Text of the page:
The market closed the week strong with the GMI at a max +6. This blog has helped me to systematize my trading and stay with the market. By focusing on the GMI and ignoring everyone’s opinions I have been able to remain with the market’s trend. One must trade with "what is" and not what I think or hope should be. As I have written before, if a truck is bearing down on me, it makes no sense to question whether it should be there or heading in my direction. I must react quickly to what is happening. And right now, the GMI is firing on all cylinders. There were 345 new yearly highs on Friday, and 81% of the S&P 500 stocks and 83% of the Dow 30 stocks advanced. The Nasdaq 100 stocks lagged a little, with 66% advancing. Almost three quarters (74%) of the 87 stocks that hit new highs 10 days earlier closed higher on Friday than they closed 10 days earlier. The percentage of stocks in my universe of 4,000 closing above their 10 week averages rose to 63%, highest since 7/29. And 48% of stocks are in a short term up-trend, the highest number since 7/29. One third of stocks are within 5% of their yearly highs. Friday was the fourth day (U-4) in the QQQQ up-trend.
I added a new indicator to the GMI table–% of yearly doublers greater than their 30 day averages. This indicator tracks the technical strength of all stocks in my universe of 4,000 that have doubled in the past year and traded at least 10,000 shares on that day. This indicator will tell me when the past year’s leaders are weakening, at least short term. Weakness in the market leaders often times precedes general market weakness. The list of doublers will be recalculated at each day’s close by TC2005, according to the criteria I mentioned above. The total number of doublers in the past year will therefore also provide an indication of the strength of the market. As of Friday, 75% of the 276 doublers closed above their 30 day averages.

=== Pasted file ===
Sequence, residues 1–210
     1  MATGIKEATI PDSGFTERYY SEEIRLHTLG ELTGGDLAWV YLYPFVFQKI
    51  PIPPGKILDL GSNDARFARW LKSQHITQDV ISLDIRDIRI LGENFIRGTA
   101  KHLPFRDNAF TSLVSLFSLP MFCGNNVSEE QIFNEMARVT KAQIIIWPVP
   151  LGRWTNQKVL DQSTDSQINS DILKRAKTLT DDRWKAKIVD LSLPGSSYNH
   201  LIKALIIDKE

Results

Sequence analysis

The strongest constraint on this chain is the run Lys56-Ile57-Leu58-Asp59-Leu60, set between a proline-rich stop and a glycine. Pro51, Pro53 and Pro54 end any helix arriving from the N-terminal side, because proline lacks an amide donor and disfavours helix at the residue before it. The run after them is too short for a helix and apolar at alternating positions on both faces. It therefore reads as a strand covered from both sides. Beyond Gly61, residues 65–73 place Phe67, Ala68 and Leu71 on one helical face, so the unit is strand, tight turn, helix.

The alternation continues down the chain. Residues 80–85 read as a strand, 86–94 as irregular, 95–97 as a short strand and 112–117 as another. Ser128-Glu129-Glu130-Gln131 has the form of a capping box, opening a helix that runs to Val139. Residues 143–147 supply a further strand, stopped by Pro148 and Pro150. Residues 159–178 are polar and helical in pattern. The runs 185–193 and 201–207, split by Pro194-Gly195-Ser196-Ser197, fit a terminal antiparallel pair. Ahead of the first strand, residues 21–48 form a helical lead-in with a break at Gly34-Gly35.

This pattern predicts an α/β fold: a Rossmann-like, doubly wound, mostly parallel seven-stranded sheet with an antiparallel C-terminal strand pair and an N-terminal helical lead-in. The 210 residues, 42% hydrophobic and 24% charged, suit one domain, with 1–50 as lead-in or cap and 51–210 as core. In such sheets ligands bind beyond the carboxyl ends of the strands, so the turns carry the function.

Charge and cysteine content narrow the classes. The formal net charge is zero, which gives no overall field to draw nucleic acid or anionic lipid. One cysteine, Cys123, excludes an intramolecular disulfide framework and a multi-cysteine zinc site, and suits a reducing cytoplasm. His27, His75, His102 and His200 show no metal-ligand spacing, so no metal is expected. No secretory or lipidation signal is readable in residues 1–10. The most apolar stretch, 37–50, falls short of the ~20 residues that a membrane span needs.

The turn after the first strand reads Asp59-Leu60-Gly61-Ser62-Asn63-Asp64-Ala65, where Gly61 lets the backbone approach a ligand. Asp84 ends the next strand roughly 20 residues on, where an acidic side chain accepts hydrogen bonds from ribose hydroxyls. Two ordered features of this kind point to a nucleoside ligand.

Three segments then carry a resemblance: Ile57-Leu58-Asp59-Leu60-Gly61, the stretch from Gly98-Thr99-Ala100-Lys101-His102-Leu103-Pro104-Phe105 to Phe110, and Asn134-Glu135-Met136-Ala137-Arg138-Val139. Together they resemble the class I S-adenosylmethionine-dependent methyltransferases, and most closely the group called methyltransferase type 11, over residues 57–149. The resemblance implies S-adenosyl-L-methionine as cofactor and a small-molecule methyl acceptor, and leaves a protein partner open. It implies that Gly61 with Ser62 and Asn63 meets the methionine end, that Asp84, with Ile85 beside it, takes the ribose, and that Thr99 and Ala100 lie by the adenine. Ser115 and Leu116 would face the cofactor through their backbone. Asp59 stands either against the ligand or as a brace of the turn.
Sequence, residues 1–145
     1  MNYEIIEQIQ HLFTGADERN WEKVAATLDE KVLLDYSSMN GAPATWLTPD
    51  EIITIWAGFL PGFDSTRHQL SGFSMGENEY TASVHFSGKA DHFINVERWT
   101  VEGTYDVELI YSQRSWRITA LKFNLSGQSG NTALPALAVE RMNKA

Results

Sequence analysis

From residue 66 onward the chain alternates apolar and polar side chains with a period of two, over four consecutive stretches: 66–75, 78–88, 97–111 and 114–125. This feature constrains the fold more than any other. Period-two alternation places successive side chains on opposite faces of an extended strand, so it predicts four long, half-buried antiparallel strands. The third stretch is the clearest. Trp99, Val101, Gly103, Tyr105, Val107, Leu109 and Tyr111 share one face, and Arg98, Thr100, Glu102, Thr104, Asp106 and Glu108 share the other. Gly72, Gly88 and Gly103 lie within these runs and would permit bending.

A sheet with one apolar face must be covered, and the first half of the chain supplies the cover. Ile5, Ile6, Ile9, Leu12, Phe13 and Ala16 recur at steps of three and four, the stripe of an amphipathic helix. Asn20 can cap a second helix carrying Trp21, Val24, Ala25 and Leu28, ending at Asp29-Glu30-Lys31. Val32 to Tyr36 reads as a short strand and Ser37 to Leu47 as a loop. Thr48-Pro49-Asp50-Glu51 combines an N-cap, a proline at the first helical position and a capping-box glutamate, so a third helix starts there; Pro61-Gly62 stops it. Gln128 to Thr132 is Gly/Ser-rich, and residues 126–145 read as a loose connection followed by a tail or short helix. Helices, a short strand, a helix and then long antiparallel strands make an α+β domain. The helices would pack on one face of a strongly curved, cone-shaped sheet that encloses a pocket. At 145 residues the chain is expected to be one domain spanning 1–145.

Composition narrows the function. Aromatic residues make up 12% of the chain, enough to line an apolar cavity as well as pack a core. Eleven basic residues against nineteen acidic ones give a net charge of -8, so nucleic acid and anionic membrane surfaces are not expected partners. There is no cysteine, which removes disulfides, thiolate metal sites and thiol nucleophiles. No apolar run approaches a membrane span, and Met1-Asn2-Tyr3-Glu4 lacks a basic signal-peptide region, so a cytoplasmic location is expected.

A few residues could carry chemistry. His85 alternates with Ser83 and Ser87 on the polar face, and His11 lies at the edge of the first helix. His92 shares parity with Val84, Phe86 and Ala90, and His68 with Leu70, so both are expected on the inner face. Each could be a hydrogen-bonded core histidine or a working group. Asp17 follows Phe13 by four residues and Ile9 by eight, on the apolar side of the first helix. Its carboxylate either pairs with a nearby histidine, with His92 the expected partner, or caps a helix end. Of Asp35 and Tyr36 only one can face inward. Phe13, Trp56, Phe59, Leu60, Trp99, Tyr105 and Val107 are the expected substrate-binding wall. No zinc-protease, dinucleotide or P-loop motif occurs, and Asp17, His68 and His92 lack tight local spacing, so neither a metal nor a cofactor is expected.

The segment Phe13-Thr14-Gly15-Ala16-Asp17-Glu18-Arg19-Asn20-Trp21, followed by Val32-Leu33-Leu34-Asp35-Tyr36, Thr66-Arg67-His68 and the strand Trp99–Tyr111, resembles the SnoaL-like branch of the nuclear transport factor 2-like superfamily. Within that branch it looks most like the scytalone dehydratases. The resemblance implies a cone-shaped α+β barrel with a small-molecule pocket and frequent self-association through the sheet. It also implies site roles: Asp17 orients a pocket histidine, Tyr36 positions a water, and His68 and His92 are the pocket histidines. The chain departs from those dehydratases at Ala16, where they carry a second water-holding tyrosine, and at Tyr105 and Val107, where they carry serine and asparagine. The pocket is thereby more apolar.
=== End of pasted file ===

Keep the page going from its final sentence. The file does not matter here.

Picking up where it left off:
As I noted above, the GMI has helped me to stay with the market trend. This chart (click on to enlarge) shows the changes in the GMI since I started posting it in April. Note that the GMI remained at +6 from the beginning of the rise on July 8 until August 16, and then declined with the market. The GMI returned to +6 on September 6 . You can judge for yourself whether The GMI has been useful for detecting meaningful changes in the market’s trends. Note in the chart that the 10 day average (dotted line) is about to cross above the 30 day average (red line). This would be another confirmation of a rising trend in the QQQQ.
But the strength is not limited to the QQQQ. The WPM has strengthened considerably since I last updated it on 8/26. All 5 indexes are now above their 30 day and 30 week averages. The DIA had given a false signal when it closed below its 30 week average for 2 weeks. Major increases have occurred in the percentage of stocks closing above their 30 day averages, with the range being 56%-65%, up from 17%-26%. The majority of the stocks in all of these indexes are now in short term up-trends. The percentage of stocks closing above their 30 week averages also increased, to 50%-73%. Midcap stocks in the MDY appear to be the strongest group of stocks–short and longer term. (Sometimes I think I should only trade these index ETF’s.)
This strength in the market in the midst of post-Katrina anxiety and general pessimism about the economy is to me a screaming buy signal. So I have committed most of my resources to the long side of the market. I have to ignore my emotional tendencies and stay with what the market is doing. As I begin to trust my indicators more and more, it has become easier to remain consistent with them and to tune out all other influences. As you know, I am a chicken and will jettison all of my long holdings when my indicators detect market weakness.
Will GOOG burst through $300 this week?
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